Carbon District won't lay off teachers in grade restructuring
One of the fears residents and employees had with the vote by the Carbon Board of Education in December to move ninth grade students to Carbon High School and move sixth grade students to the junior highs (or as they will be known next year, middle schools) was that some teachers in the district might lose their jobs. This was projected by some because the district did announce at the time that with the changes they would require fewer teachers.
But those fears have now been largely quelled, because as of last week all the determinations as to where existing staff will go has been pretty much settled. And despite the fact that there will be five to six fewer teaching positions in the district, no one will lose their job.
"I need to say that I am very appreciative of the positive attitude that the teachers in this school district have had about all this," said Carbon District Superintendent Steve Carlsen on Friday afternoon. "We had some situations where we needed teachers in a slot, and despite the fact some of them did not apply for transfers yet we asked them to do it, they were positive about the move they had to make."
It basically began at the high school. With 240 more students coming to campus next year, building space was not a problem; however having enough teachers for those students was.
"We will have four teachers retiring from the high school this year, so with that we had eight slots to fill," stated Carlsen. "We decided to try and fill them from within and posted them only in the district."
After everything was said and done there was only one position left open that was not filled by a transfer and that was for a social studies teacher.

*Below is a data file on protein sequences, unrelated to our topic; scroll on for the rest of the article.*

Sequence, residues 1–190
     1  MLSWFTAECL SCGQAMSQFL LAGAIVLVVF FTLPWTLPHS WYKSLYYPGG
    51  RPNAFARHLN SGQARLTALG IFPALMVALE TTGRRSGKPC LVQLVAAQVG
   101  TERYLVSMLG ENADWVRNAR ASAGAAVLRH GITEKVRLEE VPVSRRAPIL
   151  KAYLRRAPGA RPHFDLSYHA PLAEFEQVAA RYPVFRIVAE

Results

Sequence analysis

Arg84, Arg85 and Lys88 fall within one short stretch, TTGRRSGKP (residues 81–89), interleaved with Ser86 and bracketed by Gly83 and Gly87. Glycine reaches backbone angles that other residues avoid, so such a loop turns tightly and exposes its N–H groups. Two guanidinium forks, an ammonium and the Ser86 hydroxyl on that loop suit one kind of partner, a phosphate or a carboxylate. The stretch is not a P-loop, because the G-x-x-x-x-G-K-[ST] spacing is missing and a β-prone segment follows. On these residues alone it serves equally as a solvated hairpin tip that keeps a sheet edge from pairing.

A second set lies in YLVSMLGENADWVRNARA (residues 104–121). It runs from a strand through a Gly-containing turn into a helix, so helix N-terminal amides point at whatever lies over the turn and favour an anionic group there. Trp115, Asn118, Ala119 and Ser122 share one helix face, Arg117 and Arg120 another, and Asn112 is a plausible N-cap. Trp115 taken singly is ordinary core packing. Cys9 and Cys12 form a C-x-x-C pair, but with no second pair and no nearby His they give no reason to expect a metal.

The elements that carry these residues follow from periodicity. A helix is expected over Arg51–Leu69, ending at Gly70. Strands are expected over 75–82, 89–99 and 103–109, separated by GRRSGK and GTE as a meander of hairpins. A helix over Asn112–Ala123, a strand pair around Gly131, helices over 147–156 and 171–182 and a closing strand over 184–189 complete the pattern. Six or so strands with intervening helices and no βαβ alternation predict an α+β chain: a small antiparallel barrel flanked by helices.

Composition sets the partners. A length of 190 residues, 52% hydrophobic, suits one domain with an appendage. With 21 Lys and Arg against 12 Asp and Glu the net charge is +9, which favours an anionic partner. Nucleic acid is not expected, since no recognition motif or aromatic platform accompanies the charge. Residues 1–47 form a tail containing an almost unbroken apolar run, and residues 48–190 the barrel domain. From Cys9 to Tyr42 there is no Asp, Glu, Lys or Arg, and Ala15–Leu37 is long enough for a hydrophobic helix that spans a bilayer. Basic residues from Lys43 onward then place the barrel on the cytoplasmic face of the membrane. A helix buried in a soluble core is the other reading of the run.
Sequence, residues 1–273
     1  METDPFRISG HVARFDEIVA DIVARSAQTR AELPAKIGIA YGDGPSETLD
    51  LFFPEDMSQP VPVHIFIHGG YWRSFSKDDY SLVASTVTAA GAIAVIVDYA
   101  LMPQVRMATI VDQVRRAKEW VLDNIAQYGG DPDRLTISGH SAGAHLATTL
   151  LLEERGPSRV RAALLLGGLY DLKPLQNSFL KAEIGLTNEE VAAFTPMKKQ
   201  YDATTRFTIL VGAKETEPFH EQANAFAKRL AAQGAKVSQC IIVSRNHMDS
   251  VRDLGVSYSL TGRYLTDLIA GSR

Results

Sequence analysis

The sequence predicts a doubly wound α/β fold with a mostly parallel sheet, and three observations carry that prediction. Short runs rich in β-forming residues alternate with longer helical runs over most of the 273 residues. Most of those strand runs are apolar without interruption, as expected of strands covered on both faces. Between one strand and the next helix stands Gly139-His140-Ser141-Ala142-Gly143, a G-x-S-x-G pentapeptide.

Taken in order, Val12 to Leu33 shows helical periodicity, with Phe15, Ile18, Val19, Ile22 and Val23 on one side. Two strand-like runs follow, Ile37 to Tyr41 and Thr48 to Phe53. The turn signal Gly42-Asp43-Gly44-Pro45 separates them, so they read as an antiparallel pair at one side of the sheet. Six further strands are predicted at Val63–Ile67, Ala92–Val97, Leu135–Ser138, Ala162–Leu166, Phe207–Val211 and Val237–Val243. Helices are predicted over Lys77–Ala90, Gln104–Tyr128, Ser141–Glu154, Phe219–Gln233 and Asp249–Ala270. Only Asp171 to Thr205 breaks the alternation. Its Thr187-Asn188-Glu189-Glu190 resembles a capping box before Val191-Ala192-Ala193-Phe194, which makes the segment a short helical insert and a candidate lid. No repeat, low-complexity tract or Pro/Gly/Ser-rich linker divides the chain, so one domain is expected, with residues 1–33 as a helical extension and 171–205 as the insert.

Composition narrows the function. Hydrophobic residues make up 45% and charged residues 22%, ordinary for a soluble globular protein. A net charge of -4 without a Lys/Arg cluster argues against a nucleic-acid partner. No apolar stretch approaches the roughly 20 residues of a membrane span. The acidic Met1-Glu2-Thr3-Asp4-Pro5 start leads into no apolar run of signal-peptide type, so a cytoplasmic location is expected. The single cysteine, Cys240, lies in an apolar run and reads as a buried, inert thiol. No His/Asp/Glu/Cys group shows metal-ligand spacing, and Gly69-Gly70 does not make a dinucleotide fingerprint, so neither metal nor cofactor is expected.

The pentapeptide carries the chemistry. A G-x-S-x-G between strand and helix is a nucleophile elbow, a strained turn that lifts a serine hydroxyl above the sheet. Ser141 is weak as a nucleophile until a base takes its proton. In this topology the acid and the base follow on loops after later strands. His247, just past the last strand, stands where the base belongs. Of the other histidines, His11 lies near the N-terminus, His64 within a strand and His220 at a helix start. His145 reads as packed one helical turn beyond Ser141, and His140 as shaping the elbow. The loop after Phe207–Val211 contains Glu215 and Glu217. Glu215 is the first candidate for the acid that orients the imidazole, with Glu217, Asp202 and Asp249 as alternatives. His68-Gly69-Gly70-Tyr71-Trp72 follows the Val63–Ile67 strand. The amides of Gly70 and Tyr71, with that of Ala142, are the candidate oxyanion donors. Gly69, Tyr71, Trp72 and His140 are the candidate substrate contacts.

"It happened that we needed a head football coach and so we made that position into a teaching position too," said Carlsen. "We hired Jan Jorgensen to fill both those responsibilities."
It will be the first time that the head football coach and a teaching position are matched together in some time. In the past few years the head coaches job was held by people who were not teachers.
"Once that was done we had to re-post the jobs that were open at the two junior high schools because of the transfers," said Carlsen. "We hoped that there would be a natural progression."
The district found itself with 15 transfers applying for 10 positions in the two schools.
"It worked wonderfully," said the superintendent. "We had six sixth grade teachers without a home," said Carlsen.
Most of those will be moving into the middle school slots. Carlsen said there are a couple of misplaced sixth grade teachers but there are three elementary school openings within the district as well. He feels that will all be resolved.
In the meantime the district through the whole thing was able to reduce overall full-time equivalent positions by six. This was done because the high school is changing its block schedule to a 10 block five period day.
"Now we are working on slotting students into where they need to be and setting schedules," concluded Carlsen.